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Public Policy and the Lottery


The lottery is a form of gambling that raises money for public benefit. Its roots reach back centuries—the Old Testament mentions casting lots for property distribution, and Roman emperors gave away slaves and land by drawing lots. Despite initial negative reactions, the modern lottery is now one of the most popular forms of gambling in the world, raising more than $80 billion per year worldwide.

Historically, lottery proceeds were used for everything from building the British Museum to funding the American Revolution and rebuilding Faneuil Hall. The early American lotteries were particularly controversial, and many of them were banned by state legislatures. However, once these early restrictions were lifted, the popularity of lotteries exploded. Today, they are the most popular source of revenue for state governments.

Lottery revenues are a classic example of how political officials, both on the executive and legislative sides of the aisle, make decisions in an environment where voters demand more government spending, while politicians want to increase revenue without increasing taxes. The result is that the evolution of state lotteries often proceeds in fits and starts, with specific stakeholders getting involved in a piecemeal fashion. For instance, convenience store owners have an interest in the lottery’s success (and its attendant advertising opportunities), while suppliers of equipment and services have a strong financial incentive to contribute heavily to state political campaigns.

As a result, the lottery becomes an entrenched feature of American life. But its continued existence also reveals a deeper flaw in the way public policy is made. The prevailing assumption, which is reinforced by the fact that few states have abolished their lotteries, is that a state can run a successful lottery by creating a monopoly, and then imposing regulations that ensure fairness and consumer protection. In reality, this approach is ineffective and dangerous to the economy.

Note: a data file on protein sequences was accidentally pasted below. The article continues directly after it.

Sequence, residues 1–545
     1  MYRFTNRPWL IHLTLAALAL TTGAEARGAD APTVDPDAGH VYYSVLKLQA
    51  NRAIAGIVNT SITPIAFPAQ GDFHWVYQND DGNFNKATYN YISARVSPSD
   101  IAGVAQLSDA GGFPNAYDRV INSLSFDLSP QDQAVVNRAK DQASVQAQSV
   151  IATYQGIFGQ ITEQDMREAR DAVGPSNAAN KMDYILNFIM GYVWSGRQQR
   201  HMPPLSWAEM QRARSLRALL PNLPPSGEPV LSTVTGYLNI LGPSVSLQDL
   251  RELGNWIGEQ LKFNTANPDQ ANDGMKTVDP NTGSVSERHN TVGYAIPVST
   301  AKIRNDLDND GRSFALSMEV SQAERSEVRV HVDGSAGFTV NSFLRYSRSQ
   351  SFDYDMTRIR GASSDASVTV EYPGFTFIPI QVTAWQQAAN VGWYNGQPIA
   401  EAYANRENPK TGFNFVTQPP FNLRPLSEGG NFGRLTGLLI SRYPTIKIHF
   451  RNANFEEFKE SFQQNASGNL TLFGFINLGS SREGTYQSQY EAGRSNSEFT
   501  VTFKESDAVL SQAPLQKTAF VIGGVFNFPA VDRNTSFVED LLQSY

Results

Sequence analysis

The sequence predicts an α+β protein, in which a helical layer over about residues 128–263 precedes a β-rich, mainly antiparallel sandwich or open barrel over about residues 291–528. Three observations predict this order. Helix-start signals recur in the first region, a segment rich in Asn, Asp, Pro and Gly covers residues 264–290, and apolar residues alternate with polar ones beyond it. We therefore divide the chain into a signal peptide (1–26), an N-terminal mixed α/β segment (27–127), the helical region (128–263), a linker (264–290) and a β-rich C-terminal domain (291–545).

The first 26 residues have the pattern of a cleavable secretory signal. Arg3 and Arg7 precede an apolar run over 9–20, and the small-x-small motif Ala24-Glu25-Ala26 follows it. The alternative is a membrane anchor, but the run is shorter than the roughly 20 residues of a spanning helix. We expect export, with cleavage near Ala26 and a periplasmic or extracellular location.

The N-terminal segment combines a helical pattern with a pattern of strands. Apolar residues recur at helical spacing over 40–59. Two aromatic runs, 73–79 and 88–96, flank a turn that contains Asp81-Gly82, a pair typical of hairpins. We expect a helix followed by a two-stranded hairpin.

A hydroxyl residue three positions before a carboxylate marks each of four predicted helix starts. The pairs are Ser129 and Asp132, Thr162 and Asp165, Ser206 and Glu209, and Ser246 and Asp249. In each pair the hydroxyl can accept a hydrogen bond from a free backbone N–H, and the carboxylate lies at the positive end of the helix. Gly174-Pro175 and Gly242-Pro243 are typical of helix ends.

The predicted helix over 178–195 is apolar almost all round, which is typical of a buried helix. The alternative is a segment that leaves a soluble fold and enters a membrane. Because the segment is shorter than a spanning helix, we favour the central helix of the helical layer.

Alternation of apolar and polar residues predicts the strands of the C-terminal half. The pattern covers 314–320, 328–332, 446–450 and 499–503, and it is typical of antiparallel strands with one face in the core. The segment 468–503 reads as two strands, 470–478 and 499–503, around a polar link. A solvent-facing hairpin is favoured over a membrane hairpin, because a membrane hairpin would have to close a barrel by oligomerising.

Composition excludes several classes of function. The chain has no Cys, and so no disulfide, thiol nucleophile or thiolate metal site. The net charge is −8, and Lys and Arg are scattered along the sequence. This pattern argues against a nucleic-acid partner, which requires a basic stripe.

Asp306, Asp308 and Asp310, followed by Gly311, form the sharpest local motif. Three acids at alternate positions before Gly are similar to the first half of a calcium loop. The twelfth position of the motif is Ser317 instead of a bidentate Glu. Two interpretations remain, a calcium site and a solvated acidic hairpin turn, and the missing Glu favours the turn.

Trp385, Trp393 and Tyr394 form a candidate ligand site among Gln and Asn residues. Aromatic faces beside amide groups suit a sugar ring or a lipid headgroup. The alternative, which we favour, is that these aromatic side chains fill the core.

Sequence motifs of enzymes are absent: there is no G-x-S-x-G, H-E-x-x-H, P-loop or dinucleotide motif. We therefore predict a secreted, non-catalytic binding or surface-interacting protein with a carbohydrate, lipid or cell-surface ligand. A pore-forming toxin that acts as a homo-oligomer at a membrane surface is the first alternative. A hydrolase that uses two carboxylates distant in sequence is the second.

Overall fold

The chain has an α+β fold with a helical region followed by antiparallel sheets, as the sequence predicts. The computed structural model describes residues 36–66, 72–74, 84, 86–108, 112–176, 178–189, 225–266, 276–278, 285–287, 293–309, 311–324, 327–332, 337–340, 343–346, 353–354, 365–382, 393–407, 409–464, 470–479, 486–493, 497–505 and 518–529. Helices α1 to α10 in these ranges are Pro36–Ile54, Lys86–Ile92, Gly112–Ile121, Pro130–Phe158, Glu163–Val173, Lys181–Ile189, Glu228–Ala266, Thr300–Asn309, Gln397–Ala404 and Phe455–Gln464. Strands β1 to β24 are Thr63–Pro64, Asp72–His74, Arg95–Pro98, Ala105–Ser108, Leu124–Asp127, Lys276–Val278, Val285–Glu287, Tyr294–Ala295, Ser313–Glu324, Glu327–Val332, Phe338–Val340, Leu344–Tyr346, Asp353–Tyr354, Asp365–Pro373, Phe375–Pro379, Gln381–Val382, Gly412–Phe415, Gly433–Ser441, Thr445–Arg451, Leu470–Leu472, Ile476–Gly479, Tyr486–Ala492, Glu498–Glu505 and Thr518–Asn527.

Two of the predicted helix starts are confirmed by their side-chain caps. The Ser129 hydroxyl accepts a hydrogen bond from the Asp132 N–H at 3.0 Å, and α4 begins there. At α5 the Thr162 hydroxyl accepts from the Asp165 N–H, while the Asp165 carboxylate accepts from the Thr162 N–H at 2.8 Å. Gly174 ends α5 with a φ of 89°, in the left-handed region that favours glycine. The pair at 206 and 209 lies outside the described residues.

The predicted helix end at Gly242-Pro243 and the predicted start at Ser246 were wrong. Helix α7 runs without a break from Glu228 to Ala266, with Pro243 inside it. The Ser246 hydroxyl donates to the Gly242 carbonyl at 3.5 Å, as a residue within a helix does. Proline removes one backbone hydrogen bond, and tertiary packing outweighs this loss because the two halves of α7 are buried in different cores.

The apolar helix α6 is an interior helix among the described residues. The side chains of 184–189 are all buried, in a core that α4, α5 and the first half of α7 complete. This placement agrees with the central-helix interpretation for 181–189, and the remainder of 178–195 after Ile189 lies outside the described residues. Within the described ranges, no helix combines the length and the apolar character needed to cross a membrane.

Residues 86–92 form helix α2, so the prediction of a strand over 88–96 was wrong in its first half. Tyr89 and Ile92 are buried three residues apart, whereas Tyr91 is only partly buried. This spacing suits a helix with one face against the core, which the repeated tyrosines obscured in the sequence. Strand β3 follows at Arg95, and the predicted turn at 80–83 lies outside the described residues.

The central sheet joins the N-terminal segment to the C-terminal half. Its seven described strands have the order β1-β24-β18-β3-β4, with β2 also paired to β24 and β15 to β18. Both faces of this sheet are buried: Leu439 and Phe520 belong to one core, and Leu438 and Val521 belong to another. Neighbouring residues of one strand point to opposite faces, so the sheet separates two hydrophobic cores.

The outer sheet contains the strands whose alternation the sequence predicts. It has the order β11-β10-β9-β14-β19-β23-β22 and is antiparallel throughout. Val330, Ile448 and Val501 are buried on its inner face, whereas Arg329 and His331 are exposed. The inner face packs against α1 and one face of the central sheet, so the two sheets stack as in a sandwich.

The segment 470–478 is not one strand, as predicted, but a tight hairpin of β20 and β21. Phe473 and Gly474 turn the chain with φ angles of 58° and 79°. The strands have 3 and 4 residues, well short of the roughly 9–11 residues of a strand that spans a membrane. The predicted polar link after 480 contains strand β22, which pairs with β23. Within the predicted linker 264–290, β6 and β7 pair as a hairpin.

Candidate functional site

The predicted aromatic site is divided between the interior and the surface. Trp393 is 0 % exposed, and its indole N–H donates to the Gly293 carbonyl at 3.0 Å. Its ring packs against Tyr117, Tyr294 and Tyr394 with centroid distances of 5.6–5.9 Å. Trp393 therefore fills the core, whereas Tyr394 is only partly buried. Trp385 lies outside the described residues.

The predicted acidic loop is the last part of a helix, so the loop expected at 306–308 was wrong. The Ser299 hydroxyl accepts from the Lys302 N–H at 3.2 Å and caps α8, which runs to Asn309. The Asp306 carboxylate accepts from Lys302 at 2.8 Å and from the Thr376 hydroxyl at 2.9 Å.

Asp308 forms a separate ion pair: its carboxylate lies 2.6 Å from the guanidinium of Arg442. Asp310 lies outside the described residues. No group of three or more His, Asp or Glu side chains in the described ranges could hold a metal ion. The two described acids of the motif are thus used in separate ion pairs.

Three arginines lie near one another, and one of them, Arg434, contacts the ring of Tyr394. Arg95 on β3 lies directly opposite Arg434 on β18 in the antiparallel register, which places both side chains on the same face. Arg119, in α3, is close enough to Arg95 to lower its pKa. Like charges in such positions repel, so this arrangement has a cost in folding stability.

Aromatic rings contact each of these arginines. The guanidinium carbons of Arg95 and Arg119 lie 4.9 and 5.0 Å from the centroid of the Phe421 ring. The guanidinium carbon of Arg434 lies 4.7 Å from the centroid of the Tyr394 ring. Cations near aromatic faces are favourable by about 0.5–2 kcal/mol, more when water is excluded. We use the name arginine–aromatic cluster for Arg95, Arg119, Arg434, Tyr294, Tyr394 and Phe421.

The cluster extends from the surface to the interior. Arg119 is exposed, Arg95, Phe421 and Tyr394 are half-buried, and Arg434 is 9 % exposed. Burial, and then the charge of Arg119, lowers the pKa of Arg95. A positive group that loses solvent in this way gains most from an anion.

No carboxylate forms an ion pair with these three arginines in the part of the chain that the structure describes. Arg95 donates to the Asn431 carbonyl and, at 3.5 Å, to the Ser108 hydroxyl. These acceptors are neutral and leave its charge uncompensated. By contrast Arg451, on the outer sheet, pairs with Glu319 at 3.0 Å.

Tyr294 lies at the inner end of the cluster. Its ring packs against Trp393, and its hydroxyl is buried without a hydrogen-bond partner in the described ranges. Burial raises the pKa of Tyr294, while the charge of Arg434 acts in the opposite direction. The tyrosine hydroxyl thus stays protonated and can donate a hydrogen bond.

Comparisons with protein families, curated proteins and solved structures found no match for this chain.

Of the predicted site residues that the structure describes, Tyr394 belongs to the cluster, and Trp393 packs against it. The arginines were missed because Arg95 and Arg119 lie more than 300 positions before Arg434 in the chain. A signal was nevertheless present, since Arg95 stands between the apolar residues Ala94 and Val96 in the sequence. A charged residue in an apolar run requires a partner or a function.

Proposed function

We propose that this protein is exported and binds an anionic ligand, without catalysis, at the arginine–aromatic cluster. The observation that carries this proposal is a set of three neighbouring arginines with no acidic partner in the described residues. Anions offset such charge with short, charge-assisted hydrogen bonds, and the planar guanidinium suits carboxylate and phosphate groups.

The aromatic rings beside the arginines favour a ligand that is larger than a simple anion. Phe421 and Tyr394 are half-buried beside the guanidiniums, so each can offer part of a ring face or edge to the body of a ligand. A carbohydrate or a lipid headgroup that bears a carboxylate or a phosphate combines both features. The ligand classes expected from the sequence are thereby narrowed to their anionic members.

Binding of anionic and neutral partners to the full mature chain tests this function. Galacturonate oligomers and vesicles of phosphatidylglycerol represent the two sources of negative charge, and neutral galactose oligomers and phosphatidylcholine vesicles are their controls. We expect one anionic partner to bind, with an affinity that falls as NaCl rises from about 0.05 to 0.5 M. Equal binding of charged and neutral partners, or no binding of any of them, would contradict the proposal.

Clearly, a more effective method of regulating the lottery is to require state officials to put aside some of the profits from the game to help fund essential government services. However, this is difficult to accomplish because it would necessitate either an increase in lottery taxes or a reduction in the quality of lottery services. Neither option is very appealing to voters.

The underlying problem is that state officials tend to prioritize lottery profits over the general welfare. This is a familiar dynamic in most areas of government, but it is particularly pronounced in the lottery sector. In the modern era, most states’ budgets are dependent on “painless” lottery revenue, and pressures to increase this revenue are relentless.

As a result, lottery officials have developed an elaborate system of incentives to encourage players to play more and more. These incentives include lowering the odds of winning, allowing more numbers to be drawn and increasing the size of prizes. As the odds of winning became increasingly improbable, the number of people playing soared. Alexander Hamilton nailed it when he said that the average person didn’t care about the difference between one-in-three-million odds and one-in-five-hundred-million.